Saute the Red Capsicum and pinch of salt and stir fry until it is cooked (1-2 mins) on low to medium heat

Add the marinated Mushroom (incl. the residue sauce from the bowl) and stir fry until it is cooked (1-2 mins) on low to medium heat.

Add the marinated meat  and stir fry until it is cooked (2-3 mins) on medium heat.

Add the marinated noodles and stir fry until it is cooked (2-3 mins) on low to medium heat.

Thinly slice the Egg white and Egg yolk like match sticks. Add them into the large mixing bowl as used above

Add the rest of the “finishing touch” ingredients – Sesame oil and Sesame seeds in the large mixing bowl and mix them gently and evenly with your hands. Enjoy


My Hell Fire Grilled Korean Chicken


1 kg boneless Chicken thigh


The Marinade

3 Tbls Chilli flakes

1 Tbls Sugar

3 Tbls Soy sauce

2 TBLS Rice wine

2 Tbls Korean red Chilli paste

2 Tbls Honey

3 Tbls pineapple juice

1 Tbls sesame oil

50 gm Onion, grated

2 Tbls Garlic chopped

1 Tbls Ginger grated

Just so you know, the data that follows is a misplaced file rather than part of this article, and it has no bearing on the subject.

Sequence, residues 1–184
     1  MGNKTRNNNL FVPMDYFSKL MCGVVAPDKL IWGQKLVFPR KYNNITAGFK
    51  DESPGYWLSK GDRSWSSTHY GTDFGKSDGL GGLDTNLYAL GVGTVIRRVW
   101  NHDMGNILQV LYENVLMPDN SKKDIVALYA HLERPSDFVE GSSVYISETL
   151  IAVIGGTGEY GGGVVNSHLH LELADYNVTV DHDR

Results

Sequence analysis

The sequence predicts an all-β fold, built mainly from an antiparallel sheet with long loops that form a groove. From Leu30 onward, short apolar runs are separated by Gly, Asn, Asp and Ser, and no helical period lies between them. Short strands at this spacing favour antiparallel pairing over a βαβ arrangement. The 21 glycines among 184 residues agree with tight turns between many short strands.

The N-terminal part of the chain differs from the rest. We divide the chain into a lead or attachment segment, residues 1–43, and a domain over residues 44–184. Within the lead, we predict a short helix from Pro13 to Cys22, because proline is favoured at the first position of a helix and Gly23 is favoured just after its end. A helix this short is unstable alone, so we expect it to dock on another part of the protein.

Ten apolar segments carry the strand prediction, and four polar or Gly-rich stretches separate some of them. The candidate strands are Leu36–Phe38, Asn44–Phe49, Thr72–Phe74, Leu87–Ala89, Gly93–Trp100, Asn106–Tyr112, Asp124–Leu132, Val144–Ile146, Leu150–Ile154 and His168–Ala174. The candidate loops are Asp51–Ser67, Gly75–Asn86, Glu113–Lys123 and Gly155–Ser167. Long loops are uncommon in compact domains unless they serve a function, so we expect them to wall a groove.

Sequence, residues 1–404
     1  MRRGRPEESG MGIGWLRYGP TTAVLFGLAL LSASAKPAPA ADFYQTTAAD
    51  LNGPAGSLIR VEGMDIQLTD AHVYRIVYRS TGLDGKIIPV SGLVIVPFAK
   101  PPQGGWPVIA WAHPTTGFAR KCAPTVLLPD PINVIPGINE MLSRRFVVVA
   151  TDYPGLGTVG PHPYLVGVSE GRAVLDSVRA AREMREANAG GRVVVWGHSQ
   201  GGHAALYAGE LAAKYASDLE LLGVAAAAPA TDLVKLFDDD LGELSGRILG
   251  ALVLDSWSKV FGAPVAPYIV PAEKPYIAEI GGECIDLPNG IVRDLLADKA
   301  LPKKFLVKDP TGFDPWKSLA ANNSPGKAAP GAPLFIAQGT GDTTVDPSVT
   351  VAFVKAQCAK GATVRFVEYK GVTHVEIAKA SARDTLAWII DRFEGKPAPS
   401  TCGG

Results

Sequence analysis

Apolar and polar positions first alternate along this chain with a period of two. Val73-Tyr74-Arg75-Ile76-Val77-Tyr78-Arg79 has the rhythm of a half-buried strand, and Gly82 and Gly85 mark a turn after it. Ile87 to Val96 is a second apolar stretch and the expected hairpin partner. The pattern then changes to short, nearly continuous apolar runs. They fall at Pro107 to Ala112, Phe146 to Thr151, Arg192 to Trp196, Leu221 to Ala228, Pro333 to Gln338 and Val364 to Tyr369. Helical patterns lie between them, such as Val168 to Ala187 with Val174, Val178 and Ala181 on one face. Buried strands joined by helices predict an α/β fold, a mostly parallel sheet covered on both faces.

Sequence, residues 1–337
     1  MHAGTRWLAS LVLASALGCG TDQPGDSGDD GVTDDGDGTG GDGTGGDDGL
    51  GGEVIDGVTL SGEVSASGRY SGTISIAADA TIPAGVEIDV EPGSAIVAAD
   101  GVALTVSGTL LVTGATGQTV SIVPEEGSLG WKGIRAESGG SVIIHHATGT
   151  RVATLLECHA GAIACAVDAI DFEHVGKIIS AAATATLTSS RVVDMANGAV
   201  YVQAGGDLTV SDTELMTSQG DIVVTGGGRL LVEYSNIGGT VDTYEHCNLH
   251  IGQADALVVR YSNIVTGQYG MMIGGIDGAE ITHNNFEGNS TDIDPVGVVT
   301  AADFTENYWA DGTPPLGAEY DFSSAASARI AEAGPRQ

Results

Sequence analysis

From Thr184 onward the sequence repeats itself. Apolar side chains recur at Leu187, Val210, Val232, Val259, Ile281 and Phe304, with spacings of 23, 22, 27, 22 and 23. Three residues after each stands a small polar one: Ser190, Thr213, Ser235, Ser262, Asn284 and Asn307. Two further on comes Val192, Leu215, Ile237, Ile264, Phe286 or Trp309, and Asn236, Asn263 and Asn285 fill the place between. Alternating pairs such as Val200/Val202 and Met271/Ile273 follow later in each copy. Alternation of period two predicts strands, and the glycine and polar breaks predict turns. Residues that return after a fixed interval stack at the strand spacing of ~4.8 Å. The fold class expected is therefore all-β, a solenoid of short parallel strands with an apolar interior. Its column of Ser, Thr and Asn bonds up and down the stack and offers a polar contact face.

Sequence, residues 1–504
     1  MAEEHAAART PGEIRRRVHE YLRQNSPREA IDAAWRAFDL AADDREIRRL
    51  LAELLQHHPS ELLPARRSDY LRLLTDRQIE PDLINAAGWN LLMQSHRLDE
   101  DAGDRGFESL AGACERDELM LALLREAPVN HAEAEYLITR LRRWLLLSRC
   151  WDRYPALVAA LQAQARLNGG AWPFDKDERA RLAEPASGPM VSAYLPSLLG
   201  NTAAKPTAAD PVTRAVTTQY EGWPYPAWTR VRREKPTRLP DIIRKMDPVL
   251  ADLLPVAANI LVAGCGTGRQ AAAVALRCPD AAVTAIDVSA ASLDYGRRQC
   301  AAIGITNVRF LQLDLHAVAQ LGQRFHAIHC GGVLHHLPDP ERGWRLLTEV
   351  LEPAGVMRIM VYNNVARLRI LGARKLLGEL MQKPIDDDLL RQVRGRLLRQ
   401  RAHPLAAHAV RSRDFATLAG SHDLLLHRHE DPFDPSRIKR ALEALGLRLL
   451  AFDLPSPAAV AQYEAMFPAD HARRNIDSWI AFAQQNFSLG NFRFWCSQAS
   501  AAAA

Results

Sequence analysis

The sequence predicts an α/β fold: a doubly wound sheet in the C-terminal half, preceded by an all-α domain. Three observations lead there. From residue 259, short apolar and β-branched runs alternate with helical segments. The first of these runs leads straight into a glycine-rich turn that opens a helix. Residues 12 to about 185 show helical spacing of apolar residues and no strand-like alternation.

1/2 tsp Salt

pepper to taste


Rinse chicken pieces. Drain. Trim off excess fat. Cut each Chicken thigh in half crosswise. Cut open any thick parts.

Combine the marinade ingredients in a bowl and mix well.


Coat the Chicken with the marinade. Marinate for a few hours (preferably overnight) in the refrigerator

Preheat a lightly oiled BBQ over medium high heat. When hot, add the Chicken pieces. Cook until cooked through and slightly caramelized, about 4 to 6 minutes each side. Reduce the heat if the Chicken starts to burn.


Dubu Jorim Spicy Braised Tofu



400gm package tofu

1 Eshallot

180 gm  onion

80 gm Button Mushrooms

1 Red Habanero


Braising liquid

2 tbls red Chilli  flakes

1 tsp gochujang, Korean Red Chilli paste

3 tbls Soy sauce

1 tbls Corn syrup

1 tbls Garlic

1 cup Water


Other ingredients

2 tbls Sesame oil

40 gm Sesame seeds




Cut the tofu into 1 cm thick slices. You can further cut the slices in half crosswise if you like smaller slices.

Slice the Onion, Eshallot, Mushrooms and Chilli

Combine all of the braising liquid except the  sesame oil.

Spread the onion slices at the bottom of a small pot. Arrange the tofu on top, and then pour the braising liquid over.

Bring it to a boil, and then reduce the heat to medium. Cook for about 5 minutes.

Add the remaining vegetables, and drizzle the sesame oil)over. Continue to boil for 5 more minutes. Sprinkle with the sesame seeds.